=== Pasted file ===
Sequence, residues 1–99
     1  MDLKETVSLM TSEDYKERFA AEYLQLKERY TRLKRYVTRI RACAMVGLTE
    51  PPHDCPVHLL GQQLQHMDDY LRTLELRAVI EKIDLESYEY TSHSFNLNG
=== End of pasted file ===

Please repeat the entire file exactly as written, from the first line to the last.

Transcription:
Sequence, residues 1–99
     1  MDLKETVSLM TSEDYKERFA AEYLQLKERY TRLKRYVTRI RACAMVGLTE
    51  PPHDCPVHLL GQQLQHMDDY LRTLELRAVI EKIDLESYEY TSHSFNLNG